Leather Work in Jawaja
Jawaja is a small town located in the district of Ajmer 70 kms towards northwest direction, and its main occupation is agriculture with a low literacy rate. No craft other than leatherwork is practiced so broadly in Jawaja, though handloom weaving, embroidery work (kashida) is also found there. In fact even leather work is on its verge of extinction as only one family is involved in this practice.
About the craft and its development
Initially people of Jawaja used to make leather products (mainly jootis) for the local market but which didn't brought them much earnings. In 1975, Jawaja Leather Association (JLA) was formed which included 5 main villages dealing with leather craft- Jawaja, Beawar, Malpura, Kabra, Sakawar.
Rural University and a new concept of education rural development were initiated by Professor Ravi Matthai, first director of the Indian Institute of Management (IIM), Ahmedabad. Rural University team then worked with people of the Jawaja block, which included about 200 villages with a population of approximately 80,000 people. Jawaja is a region of high poverty and no resources; some people knew spinning and weaving and owned few looms. Weaving and leatherwork became the source of economic development, and later people understood relevancy of design education into this rural context.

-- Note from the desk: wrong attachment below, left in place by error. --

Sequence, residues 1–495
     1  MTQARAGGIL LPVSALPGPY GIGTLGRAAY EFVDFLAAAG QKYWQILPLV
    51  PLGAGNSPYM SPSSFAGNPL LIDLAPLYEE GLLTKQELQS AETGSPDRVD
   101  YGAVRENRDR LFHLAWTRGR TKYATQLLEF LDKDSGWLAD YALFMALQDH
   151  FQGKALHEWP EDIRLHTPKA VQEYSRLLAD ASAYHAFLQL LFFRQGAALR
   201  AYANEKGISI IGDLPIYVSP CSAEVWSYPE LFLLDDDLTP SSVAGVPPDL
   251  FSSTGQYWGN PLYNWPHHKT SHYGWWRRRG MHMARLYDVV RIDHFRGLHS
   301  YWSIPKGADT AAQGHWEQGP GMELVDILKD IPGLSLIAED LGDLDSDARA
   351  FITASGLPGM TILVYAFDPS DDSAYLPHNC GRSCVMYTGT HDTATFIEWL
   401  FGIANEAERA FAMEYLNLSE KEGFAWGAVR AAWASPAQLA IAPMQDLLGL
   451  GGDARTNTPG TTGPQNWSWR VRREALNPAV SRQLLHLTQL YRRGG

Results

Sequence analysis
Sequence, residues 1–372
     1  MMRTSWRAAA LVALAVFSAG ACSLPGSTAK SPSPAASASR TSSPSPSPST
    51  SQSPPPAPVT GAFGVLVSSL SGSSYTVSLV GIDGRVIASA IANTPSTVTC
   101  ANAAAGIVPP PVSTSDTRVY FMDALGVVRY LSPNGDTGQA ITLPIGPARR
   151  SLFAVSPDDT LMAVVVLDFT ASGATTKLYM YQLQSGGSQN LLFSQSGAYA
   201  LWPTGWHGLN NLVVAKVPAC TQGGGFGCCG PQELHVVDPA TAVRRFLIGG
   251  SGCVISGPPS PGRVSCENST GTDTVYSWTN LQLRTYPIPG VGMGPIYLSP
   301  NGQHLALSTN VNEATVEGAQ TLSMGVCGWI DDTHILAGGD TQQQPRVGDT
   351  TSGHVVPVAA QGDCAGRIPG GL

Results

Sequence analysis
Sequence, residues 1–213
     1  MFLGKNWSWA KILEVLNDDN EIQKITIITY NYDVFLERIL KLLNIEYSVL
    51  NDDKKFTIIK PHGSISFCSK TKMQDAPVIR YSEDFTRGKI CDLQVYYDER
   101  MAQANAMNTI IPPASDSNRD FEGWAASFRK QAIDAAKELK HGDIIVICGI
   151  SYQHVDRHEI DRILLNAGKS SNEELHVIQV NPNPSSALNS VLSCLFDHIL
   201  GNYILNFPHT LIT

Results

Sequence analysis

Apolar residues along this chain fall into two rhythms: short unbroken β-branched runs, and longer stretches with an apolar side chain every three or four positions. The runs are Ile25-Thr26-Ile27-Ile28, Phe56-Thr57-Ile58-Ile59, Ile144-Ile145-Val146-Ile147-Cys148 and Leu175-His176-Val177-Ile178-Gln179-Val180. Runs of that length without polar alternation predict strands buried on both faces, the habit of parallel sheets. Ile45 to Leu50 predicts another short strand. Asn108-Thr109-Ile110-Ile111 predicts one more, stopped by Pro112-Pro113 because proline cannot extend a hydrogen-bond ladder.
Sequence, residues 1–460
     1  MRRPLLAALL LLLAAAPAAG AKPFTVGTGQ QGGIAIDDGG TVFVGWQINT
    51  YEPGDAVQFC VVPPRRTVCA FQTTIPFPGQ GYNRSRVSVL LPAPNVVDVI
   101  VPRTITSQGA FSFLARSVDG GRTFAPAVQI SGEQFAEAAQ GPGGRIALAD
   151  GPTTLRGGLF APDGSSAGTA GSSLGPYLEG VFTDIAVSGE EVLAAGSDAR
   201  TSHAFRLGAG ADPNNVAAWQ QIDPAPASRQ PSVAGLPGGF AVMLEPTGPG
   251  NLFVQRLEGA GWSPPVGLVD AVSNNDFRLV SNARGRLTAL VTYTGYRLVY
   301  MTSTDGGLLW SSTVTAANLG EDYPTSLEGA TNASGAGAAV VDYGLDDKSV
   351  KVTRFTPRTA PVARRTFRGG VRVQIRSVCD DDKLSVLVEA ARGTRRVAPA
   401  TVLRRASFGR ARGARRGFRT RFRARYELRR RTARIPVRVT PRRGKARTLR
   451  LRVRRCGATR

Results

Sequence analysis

How Leather work evolved
This craft began to evolve after the formation of Jawaja Leather Association (JLA) and the demand for pure leather products increased in the export market. Though lots of leather products were sent to Gujarat but now Gujarat state government has banned the trade of leather and leather products and since then, their sale has dropped.
About the artisans
- Male/Female Ratio involved in leatherwork is : 7:3
- Artisans' Communities: Hindu and Muslim community
- Child Labor: widely prevalent.
- Average age of the artisians is : 30 years
- Literacy: Most of the artisans are 12th pass.
- Average family size: 5-8 members
- Most of these artisians have low standards of living. They earn just enough to fulfill the basic needs of the family.
- Work shed: Most of the leather work is done at home. So the ladies help men in their work by doing embroidery, patch work and bead work along with their household work.
- Financial condition is medium; they are not into debts. Though agriculture was also practiced initially but now leatherwork is the only source of their income as this craft gives a full time income.
- Wages paid to the labourer are on piece rate bases.
There is no significance of leather craft as such, it is not an aesthetic/a religious/a social act but it is merely a means of earning livelihood.
Primary and secondary resources:
- Raw leather
- Sodium chuna
- Pickle tool
- Babool ki chaal
- Haladi [kota stone]
- Becalite stone
- Chemical dyes
- Formic acid
- Ari gum
- Scale, pencil
- Wool (for kashida)
Sourcing of material-raw leather (locally called kachha chamda) is sourced from Nasirabad. Production is order based. Buyers contact the association authority and then they get orders. In Jawaja association fixes prices and thus there is very less flexibility.